This week, a year on from Amini’s death, the Iranian parliament passed a law that seeks harsher penalties for women and girls who fail to observe its strict legal restrictions on clothing, including a prison sentence of up to 10 years. Tehran is also pressuring the Iraqi-Kurdish authorities to disarm the fighters in their territory. “Our movement hasn’t been crushed, even by severe repression,” Kawsar Fattahi, a peshmerga commander, tells Monocle. “All revolutions take time; they don’t happen overnight.”
The designers, retailers and firms that have flocked to this week’s Feria Hábitat València have one last day to make an impression. Spread across 96,000 sq m, Spain’s mecca of best-in-class furniture and lighting that once stood in Salone del Mobile’s shadow has now found a dynamic groove of its own. “This fair gives you the opportunity to have a more intimate connection with companies,” Héctor Serrano, a València-born industrial designer, tells The Monocle Minute as he mills around the Ágora Nude, the fair’s dedicated space for up-and-coming designers.
Alongside fresh faces and odes to icons such as Gabriel Teixidó and Miguel Milà, household Spanish brands, including Santa & Cole, Lladró and Vondom, were also in attendance. Ramón Esteve, one of outdoor furniture firm Vondom’s veteran designers, agrees with Serrano on the benefits of a smaller-scale set-up. “València is good for companies that don’t have the power to go to Salone,” he says. “Here, they can catch a client’s eye and provide consumers with solutions that they won’t find in Milan.”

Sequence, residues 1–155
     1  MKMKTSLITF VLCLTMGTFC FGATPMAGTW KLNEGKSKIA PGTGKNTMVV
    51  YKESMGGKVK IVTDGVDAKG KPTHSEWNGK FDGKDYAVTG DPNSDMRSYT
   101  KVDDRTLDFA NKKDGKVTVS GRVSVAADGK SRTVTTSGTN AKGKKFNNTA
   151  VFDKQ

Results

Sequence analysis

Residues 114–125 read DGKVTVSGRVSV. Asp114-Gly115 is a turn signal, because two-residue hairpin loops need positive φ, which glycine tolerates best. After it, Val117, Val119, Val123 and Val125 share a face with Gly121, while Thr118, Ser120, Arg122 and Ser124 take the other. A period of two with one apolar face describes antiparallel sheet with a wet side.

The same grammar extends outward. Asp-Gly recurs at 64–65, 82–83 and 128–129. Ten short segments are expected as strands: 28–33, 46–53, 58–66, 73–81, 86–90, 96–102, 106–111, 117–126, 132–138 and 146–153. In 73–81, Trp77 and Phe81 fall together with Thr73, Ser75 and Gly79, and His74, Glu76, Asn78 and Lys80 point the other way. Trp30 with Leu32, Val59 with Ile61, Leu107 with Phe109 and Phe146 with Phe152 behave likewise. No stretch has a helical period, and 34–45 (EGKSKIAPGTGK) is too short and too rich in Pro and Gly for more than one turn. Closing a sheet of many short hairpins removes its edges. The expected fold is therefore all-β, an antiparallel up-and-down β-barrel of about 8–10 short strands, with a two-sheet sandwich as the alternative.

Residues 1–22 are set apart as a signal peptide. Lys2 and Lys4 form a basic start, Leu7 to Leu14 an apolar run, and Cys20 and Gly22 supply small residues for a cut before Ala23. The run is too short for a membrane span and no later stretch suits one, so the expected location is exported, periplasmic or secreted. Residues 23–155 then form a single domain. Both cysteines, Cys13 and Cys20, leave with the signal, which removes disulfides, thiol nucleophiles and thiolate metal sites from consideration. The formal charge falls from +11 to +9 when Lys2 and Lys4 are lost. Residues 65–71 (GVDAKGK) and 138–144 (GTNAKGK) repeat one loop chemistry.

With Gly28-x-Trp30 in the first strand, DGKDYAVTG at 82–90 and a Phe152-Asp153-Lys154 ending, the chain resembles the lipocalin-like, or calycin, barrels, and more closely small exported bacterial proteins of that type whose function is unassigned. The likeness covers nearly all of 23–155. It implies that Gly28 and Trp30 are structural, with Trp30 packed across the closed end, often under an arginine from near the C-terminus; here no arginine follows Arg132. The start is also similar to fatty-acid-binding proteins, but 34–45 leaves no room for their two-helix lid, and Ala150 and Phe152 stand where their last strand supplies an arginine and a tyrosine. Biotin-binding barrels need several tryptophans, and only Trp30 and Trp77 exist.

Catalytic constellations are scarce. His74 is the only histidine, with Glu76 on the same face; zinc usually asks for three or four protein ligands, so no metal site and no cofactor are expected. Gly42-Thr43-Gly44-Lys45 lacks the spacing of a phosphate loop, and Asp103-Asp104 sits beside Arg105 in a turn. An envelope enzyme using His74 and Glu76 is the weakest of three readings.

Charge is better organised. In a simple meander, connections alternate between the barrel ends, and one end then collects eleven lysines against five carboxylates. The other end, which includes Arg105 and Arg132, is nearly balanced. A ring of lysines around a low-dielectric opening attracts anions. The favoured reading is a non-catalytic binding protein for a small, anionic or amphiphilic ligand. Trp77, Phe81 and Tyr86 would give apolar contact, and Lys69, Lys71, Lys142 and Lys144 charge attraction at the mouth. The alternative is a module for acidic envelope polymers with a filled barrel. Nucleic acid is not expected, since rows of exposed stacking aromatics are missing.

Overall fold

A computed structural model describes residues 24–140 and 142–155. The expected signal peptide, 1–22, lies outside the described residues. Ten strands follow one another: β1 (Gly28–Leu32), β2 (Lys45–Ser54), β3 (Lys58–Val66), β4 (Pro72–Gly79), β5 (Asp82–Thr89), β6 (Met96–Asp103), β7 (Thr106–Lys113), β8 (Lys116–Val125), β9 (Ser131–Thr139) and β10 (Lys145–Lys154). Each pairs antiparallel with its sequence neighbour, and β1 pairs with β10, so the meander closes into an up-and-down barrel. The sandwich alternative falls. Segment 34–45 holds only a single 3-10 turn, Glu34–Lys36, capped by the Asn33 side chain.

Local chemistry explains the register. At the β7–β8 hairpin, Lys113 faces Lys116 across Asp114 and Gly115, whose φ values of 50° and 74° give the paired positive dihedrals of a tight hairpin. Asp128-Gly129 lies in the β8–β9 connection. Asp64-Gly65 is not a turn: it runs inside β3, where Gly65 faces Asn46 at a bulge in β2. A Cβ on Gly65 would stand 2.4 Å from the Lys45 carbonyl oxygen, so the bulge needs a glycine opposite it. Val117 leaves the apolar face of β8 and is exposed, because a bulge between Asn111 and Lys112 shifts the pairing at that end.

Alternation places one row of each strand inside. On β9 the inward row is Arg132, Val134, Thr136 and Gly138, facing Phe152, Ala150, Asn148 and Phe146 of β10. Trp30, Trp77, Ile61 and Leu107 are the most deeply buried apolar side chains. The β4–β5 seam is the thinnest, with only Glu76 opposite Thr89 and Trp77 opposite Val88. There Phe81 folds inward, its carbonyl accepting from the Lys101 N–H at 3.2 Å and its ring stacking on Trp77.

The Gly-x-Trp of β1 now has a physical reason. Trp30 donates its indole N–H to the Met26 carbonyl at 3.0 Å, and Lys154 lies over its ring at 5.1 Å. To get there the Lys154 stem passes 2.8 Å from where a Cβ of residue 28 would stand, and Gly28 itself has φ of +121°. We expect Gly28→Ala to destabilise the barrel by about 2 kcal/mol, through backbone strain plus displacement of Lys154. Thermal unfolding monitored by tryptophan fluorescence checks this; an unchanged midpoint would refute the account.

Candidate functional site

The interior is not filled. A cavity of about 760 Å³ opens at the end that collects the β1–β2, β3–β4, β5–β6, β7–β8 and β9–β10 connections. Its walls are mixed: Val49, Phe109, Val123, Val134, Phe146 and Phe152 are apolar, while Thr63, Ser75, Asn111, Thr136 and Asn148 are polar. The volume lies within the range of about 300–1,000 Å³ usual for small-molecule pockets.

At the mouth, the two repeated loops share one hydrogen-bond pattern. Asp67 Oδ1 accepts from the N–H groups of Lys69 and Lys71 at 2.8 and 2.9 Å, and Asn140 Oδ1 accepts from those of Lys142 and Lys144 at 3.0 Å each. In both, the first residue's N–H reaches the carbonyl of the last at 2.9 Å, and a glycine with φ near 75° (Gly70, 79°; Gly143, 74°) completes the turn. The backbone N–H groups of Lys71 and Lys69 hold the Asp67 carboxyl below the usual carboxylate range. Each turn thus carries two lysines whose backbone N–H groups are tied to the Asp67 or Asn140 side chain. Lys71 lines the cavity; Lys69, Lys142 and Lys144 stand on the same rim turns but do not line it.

The 19th edition of the Asian Games kicks off tomorrow in the city of Hangzhou in eastern China. With about 12,000 athletes from 45 countries and territories across the continent competing in almost 500 events, it is one of the region’s most significant sporting events. Xi Jinping will attend the opening ceremony and host a welcome banquet for other leaders in attendance. The quadrennial competition was originally scheduled to take place in 2022 but was delayed as a result of coronavirus restrictions. Though domestic travel has rebounded and Chinese are going abroad again, international tourism to the country has been slow to recover: several months after coronavirus travel rules were lifted, the number of foreign visitors has stalled at between 5 and 10 per cent of pre-pandemic figures. As one of the first major public events held in China since the government abandoned its “zero-Covid” policy, the Asian Games is an important signal that the country is open to the rest of the world.
One of the Louvre museum’s most iconic masterpieces, Eugène Delacroix’s La Liberté guidant le peuple (Liberty leading the people), was taken off its rails by museum workers this week to undergo restoration.
According to the Louvre’s paintings director, Sébastien Allard, it is part of a major restoration campaign for large-format works from the 19th century, which launched in 2019 and is expected to last until spring 2024. The painting was originally made to commemorate the July revolution of 1830 when King Charles X was overthrown but it has, with time, become a wider symbol of the French Republic.